Maggie Carter, a Starbucks barista in Knoxville, Tenn., keeps a stack of union cards with her. Audra Melton for The New York Times
We wrote one time previously about the Starbucks union drive, wondering why Starbucks is against it. We know the typical corporate reasons, but Starbucks has represented itself as atypical. So, we wanted to know. And in related news, the company’s efforts to keep unionization at bay has a new leader. Today we consider a related question, this time from workers’ perspective:
Jaz Brisack became a barista for the same reasons that talented young people have long chosen their career paths: a mix of idealism and ambition.
Most weekend mornings, Jaz Brisack gets up around 5, wills her semiconscious body into a Toyota Prius and winds her way through Buffalo, to the Starbucks on Elmwood Avenue. After a supervisor unlocks the door, she clocks in, checks herself for Covid symptoms and helps get the store ready for customers. Continue reading
Photo: Courtesy of Starbucks
Just a few weeks after its home city of Seattle banned plastic straws, Starbucks is following suit. On Monday, the coffee company announced plans to go “strawless,” for the most part, by 2020. Doing some serious math, the chain says the move will keep an estimated 1 billion straws out of landfills.
As an alternative, Starbucks will serve its iced coffee, tea, and other sippable drinks in cups with strawless lids, already available in 8,000 locations in the U.S. and Canada, which feature raised plastic openings for sipping drinks. (The chain also said it will introduce alternative-material straws for some beverages.)…
As it happens, the same day we saw this news we were also scheduled to visit the Starbucks showcase in Costa Rica, called Hacienda Alsacia. We experienced the tour they offer and then sat with our guide for a sampling of coffees. On the table next to me was a straw, so we used the opportunity as a reality check. Our guide did not miss a beat, very well aware of the newly announced plan to eliminate straws by 2020, and ready with a one-liner about the importance of eliminating plastic straws.
Our guide was a perfect example of Costa Rica’s history of inspiring and educating ambassadors for the country’s core values. Score another point for a company from elsewhere that recognizes and values that talent. The purpose of our visit was in keeping with our current mission of thinking about the dairy farm of the future, and there is another Starbucks story to tell in that vein. But for now, we will savor this other wonder.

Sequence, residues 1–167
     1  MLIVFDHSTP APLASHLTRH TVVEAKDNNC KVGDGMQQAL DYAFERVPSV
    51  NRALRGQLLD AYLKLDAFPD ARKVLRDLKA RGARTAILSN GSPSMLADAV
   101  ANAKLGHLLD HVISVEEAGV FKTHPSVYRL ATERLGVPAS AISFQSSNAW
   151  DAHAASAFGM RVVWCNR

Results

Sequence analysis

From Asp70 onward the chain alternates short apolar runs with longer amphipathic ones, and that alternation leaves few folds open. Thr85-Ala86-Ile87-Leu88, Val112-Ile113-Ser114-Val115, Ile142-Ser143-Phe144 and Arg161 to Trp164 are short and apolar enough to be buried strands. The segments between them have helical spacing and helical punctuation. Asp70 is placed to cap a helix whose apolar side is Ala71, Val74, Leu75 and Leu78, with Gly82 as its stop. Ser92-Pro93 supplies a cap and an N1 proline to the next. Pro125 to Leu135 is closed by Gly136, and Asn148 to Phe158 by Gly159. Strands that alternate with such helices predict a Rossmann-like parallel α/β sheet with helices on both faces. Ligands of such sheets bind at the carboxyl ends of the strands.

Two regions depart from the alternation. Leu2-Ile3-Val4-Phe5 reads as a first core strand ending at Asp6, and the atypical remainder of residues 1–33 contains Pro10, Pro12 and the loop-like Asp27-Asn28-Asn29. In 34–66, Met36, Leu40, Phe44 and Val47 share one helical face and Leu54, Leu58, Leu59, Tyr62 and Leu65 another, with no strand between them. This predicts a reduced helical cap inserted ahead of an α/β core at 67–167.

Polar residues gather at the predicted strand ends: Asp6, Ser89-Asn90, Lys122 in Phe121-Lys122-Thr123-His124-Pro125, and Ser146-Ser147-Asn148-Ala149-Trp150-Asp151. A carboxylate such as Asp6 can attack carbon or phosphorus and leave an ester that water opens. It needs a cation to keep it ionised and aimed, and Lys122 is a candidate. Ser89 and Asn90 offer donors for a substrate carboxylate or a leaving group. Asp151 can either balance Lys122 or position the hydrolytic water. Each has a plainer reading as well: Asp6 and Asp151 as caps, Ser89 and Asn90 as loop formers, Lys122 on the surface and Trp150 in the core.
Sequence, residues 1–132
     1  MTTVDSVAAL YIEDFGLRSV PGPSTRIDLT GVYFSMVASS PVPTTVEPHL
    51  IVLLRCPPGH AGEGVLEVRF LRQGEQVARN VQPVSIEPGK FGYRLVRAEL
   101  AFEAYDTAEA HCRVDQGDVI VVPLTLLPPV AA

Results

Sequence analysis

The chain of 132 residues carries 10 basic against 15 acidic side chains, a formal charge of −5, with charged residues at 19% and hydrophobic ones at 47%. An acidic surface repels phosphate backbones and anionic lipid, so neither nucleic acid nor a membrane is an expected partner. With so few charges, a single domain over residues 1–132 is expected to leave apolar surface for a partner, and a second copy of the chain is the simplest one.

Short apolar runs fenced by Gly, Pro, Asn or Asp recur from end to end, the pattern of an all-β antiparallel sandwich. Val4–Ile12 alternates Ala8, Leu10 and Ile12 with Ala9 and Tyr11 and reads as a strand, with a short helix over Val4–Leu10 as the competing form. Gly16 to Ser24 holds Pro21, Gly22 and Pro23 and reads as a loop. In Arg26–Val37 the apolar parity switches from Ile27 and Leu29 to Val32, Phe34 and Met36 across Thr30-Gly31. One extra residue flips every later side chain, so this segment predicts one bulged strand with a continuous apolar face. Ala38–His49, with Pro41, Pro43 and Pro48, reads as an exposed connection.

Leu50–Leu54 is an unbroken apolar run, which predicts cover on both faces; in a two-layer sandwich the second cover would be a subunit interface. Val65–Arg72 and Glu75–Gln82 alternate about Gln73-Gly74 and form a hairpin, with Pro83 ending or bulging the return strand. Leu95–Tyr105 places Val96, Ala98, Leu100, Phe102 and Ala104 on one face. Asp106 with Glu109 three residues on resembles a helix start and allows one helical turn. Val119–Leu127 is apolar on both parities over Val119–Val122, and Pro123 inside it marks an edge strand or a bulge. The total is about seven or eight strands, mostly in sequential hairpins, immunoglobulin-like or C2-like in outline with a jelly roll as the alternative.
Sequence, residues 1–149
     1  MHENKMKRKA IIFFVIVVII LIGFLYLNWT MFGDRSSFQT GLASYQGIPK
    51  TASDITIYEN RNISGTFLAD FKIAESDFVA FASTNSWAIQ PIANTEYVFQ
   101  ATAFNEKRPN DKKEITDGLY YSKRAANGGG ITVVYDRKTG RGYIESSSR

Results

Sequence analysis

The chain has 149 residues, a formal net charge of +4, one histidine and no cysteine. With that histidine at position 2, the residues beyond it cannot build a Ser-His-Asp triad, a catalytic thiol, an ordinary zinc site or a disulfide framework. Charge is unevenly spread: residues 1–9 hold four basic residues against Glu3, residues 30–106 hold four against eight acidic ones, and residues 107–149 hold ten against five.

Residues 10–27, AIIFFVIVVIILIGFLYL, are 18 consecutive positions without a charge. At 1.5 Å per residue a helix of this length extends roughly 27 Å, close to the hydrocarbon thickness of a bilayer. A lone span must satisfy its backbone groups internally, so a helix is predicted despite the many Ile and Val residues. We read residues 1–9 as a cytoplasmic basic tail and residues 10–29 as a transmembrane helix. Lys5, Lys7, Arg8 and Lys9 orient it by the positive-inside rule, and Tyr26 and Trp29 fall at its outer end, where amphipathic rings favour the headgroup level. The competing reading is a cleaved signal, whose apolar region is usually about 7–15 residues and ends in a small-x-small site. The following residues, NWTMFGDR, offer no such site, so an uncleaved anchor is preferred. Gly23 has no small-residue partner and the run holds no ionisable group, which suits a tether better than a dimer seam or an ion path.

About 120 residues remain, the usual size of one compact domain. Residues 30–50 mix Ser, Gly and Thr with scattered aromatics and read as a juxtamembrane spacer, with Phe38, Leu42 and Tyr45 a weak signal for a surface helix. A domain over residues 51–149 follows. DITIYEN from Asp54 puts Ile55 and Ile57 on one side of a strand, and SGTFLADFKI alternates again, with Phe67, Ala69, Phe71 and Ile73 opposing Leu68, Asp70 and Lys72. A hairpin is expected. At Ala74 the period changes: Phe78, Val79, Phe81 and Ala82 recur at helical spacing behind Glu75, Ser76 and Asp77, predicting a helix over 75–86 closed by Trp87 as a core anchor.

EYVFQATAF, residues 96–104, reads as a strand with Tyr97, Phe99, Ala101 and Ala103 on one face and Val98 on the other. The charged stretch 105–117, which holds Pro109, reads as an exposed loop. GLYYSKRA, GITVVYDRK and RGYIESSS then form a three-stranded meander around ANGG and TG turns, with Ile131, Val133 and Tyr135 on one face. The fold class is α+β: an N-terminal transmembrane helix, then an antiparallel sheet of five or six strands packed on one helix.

Yesterday we were compelled to link to an illustration that captured the importance of vigilance. Putting that link in context was the reminder that our primary purpose on this platform is to seek out evidence of progress related to environmental and social innovation.
Today a case in point. Credit is due to Starbucks. Just a couple days ago our vigilance antennae were roused by their opening in Yosemite, one more step in a national park system compromised by commercialism. There is no doubt that Starbucks is commercial, but they can also be model corporate citizens when seen from another angle.
Costa Rica provides evidence in favor of Starbucks. Their recently opened facility–a combined working coffee farm, milling operation, visitor center, cafe, gift shop–called Hacienda Alsacia looks like a win-win for a country that deserves attention and investment, and a company that can provide them both of those.
I plan to visit the property next week, so will save my commentary, focusing here on what makes me want to visit:
A 46,000-square foot visitor center immerses guests in the entire life cycle of sustainably grown, high-quality arabica coffee from seedling to picking, milling, roasting and the craft of brewing in a café
Starbucks approach to ethical sourcing and innovative coffee tree hybrid research also showcased at the visitor center, part of the company’s $100 million investment in an open-sourced farmer support program to help make coffee the world’s first sustainably sourced agriculture product Continue reading
It turns out that only one in four-hundred paper coffee cups are recycled in the UK; the rest of the 2.5 billion cups used every year are thrown in landfills or turned into greenhouse gases via incineration. The main problem, apart from people simply not throwing the cups in recycling bins, is the plastic lamination on the paper that makes the cups more waterproof. A new cup being released this week, made by a company called Frugalpac uses a thinner film that can be more easily removed to recycle the paper, which itself is less chemically treated than conventional cups.
Starbucks in the UK has announced that it will trial these more easily recycled cups, and hopefully they’ll stick with it. Rebecca Smithers writes for The Guardian:
The cups will feature in a forthcoming television investigation by Hugh Fearnley-Whittingstall. For his next War on Waste documentary, which airs on BBC1 on 28 July, the chef and campaigner has challenged major coffee shop chains to explain why more cups are not recycled and consumers not given better information about environmentally friendly disposal. But Starbucks, one of the UK’s largest coffee chains, is set to be the first retailer to test the product, saying it will trial the Frugalpac cup in some branches.